SCOTT SHALAWAY Welcome to the big city, Mr Bear!

Last month I wrote a column about Baltimore orioles and suggested they could be attracted with grape jelly.
Depending on where you live, that may have been bad advice. The day after that column appeared, I received a phone message from a friend, Dave Arnold, who lives on the rim of West Virginia's New River gorge.
Dave said he and his wife had read the column, and they agreed to give the jelly a try. There were orioles in the area, and they wouldn't mind feeding them. .
& quot;So we put a dish of jelly on a platform feeder, & quot; Dave said. & quot;When we got up the next morning, our feeders were scattered all over the yard,, and one heavy metal pole was bent in half. Scott, orioles may like grape jelly, but so do bears. It also destroyed my compost pile. Thanks for the tip! & quot;.
Oops: I stand corrected. If there are bears in your neighborhood, don't feed grape jelly. In fact, if you live in bear country, all pet food and wild bird food should be taken in at night. Otherwise, bears will eventually become a problem.
So, where is bear country? Until last week, I considered bears limited to remote mountainous areas. But bear populations are expanding and on the move. I've heard of bear sightings near Charleston, W.Va. and Pittsburgh in recent years, and I've had several reliable reports of bears within five miles of my house, but I thought they were the exception -- cause for interest and curiosity, perhaps even anticipation.
But a spate of bear reports last week have me rethinking my opinion. Last Wednesday, a four to five month old bear cub appeared on a city street in McMechen, W.Va., a small Ohio River town just south of Wheeling.
The next day a bear cub, presumably the same one, showed up in Moundsville, about four miles south.
The following day, after the young bear was seen raiding residential garbage cans and being chased by neighborhood dogs, law enforcement officials captured the cub and took it to a nearby animal shelter where it stayed until a DNR biologist could pick it up.
Another incident: Meanwhile as these events unfolded in West Virginia, another bear incident occurred in Oakmont, Pa. ,near Pittsburgh. A 200-pound bear was spotted dining in a garbage dumpster at a local restaurant. In less than 24 hours a Pennsylvania Game Commission conservation officer had set a trap and captured the wandering bear. After tranquilizing the bear, the conservation officer, Daniel Sifler, took the bear to a nearby elementary school for an impromptu lesson on bear biology.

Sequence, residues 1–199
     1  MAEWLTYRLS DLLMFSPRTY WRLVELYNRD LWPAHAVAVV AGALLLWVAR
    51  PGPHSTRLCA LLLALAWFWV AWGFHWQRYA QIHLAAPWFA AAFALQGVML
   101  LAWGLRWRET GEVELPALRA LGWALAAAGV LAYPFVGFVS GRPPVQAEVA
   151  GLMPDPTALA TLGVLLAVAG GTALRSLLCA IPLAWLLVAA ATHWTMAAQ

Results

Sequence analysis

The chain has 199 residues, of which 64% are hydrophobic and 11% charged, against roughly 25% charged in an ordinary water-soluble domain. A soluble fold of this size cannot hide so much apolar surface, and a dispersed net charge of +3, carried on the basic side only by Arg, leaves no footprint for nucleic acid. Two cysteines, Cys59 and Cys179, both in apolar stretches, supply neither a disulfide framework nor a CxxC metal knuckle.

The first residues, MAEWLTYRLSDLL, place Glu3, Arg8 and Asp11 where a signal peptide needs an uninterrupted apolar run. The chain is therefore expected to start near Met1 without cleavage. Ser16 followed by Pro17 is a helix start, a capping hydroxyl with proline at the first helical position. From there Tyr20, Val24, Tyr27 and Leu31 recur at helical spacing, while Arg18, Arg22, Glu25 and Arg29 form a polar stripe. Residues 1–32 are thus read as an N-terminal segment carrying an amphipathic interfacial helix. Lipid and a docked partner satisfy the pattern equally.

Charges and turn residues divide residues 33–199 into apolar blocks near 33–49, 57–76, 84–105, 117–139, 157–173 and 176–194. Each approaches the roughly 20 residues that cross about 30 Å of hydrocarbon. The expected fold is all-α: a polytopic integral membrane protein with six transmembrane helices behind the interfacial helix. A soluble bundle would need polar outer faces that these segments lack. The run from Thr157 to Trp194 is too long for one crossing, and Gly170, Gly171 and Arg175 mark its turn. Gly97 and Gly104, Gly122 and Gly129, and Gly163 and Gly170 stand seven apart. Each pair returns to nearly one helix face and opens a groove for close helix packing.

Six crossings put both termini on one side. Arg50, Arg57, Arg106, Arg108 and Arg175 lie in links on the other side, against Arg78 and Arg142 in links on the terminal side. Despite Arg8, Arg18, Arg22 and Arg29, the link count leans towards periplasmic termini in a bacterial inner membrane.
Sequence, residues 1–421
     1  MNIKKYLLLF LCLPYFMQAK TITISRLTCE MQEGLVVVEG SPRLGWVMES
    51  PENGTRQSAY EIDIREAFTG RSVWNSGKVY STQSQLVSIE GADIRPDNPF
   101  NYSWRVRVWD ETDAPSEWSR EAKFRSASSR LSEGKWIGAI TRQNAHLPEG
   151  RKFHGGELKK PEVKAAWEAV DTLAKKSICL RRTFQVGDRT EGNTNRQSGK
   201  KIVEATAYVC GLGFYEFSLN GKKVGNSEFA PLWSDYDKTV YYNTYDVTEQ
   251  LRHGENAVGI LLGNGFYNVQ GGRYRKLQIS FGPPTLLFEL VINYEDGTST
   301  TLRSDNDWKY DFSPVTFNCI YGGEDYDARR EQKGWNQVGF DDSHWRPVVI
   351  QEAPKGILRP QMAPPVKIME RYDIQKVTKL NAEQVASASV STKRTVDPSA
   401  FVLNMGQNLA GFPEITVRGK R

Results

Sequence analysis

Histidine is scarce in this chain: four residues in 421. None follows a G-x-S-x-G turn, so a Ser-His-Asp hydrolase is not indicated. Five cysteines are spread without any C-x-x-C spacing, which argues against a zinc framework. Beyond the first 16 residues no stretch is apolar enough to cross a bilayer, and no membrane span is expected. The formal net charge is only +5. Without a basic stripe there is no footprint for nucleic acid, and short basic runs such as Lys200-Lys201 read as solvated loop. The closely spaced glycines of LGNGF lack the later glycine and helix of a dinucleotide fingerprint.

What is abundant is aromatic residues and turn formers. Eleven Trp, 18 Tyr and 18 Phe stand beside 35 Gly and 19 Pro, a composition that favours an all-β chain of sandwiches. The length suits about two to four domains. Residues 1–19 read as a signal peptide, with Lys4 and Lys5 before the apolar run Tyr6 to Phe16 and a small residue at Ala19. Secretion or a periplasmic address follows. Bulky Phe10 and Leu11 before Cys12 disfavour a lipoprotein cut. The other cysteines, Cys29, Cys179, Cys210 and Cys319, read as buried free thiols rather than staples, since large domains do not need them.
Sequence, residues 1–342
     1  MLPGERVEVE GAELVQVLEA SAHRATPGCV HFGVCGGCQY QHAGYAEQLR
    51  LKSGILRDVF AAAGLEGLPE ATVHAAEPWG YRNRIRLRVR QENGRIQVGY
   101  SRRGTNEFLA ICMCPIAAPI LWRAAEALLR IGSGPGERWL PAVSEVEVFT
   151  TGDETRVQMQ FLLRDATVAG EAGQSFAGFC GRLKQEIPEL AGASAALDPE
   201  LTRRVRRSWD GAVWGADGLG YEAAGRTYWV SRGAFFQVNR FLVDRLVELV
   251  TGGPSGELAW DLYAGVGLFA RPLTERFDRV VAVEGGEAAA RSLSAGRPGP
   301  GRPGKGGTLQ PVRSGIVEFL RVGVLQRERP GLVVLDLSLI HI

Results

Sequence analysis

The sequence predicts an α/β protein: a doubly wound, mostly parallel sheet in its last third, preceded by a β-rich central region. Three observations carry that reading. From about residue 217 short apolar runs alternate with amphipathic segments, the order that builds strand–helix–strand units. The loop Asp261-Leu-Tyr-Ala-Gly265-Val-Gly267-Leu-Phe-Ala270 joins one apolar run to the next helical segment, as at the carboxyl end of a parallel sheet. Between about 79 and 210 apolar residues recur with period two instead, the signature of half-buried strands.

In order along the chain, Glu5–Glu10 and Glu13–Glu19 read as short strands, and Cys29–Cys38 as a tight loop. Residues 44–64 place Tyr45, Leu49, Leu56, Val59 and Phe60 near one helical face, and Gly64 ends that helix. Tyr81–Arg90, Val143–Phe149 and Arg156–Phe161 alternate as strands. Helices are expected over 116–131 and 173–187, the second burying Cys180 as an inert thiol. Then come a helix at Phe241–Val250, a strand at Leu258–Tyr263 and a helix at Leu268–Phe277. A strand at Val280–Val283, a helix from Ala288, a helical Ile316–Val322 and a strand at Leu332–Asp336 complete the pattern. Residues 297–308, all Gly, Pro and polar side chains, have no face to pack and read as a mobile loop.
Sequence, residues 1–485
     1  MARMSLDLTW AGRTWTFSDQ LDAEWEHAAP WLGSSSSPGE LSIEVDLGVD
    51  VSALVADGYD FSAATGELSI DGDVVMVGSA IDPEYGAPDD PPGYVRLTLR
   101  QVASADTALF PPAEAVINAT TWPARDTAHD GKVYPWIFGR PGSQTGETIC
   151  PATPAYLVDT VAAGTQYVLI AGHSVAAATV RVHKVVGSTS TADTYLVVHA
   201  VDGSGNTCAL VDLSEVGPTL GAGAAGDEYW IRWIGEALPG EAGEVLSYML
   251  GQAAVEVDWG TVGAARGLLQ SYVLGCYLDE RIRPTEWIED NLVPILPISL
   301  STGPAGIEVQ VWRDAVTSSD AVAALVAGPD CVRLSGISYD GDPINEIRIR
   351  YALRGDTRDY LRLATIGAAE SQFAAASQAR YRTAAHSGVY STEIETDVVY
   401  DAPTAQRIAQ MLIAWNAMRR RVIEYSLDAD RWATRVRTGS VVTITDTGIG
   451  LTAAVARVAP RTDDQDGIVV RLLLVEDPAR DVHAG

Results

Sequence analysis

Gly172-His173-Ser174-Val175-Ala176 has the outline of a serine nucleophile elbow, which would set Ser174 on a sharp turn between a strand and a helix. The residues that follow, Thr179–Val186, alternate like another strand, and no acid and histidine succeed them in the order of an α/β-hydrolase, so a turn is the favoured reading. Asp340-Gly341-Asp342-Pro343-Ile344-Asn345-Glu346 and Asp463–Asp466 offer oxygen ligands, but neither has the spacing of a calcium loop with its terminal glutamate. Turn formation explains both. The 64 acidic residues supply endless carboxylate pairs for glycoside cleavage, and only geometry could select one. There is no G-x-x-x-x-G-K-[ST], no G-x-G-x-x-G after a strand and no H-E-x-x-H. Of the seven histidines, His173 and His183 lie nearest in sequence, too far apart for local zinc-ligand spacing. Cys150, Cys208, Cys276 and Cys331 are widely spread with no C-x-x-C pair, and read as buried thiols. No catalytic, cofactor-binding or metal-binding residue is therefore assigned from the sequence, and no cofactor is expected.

A question: All of this begs several questions: Where are these bears coming from? Are they dangerous? If one shows up in my backyard, what should I do? .
Wandering bears presumably are the result of increasing populations dispersing into steadily improving habitat. Bears are solitary animals. In a young bear's second year adults drive them away, so in a growing population there is always a source of wandering young bears. Second growth woodlands in Pennsylvania and West Virginia are getting mature and large enough to sustain at least a small bear population.
Black bears are reclusive and usually avoid human contact. Problems occur when people try to get too close. NEVER feed bears. It only teaches bears that backyards and people are a source of food. They will return, and almost certainly get more demanding. So avoid creating a problem by not feeding bears in the first place.
Furthermore, Paul Johansen, assistant chief of the Wildlife Resources Section of the WVDNR, warns that feeding bears, & quot;too often results in the death of the bear. & quot; .
When bears learn to raid garbage cans, pet food dishes and even bird feeders, they become dangerous nuisances and often must be destroyed by state personnel. If bears show up in your neighborhood, you do both yourself and the bears a disservice by feeding them.
Bear-proofing garbage, pet foods, and even bird feeders is difficult, so it's best to store these items indoors.
If you've seen a bear in your backyard, I'd love to hear about it.

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